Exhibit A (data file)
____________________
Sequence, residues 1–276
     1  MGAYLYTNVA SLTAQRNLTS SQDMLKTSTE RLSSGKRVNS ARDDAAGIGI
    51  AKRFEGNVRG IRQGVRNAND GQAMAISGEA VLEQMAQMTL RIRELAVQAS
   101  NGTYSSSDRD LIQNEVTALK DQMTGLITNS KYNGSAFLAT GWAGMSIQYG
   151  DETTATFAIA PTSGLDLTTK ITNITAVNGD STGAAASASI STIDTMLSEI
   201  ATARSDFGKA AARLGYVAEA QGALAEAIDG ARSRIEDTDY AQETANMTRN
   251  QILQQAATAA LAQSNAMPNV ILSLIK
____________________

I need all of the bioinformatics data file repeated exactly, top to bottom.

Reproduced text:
Sequence, residues 1–276
     1  MGAYLYTNVA SLTAQRNLTS SQDMLKTSTE RLSSGKRVNS ARDDAAGIGI
    51  AKRFEGNVRG IRQGVRNAND GQAMAISGEA VLEQMAQMTL RIRELAVQAS
   101  NGTYSSSDRD LIQNEVTALK DQMTGLITNS KYNGSAFLAT GWAGMSIQYG
   151  DETTATFAIA PTSGLDLTTK ITNITAVNGD STGAAASASI STIDTMLSEI
   201  ATARSDFGKA AARLGYVAEA QGALAEAIDG ARSRIEDTDY AQETANMTRN
   251  QILQQAATAA LAQSNAMPNV ILSLIK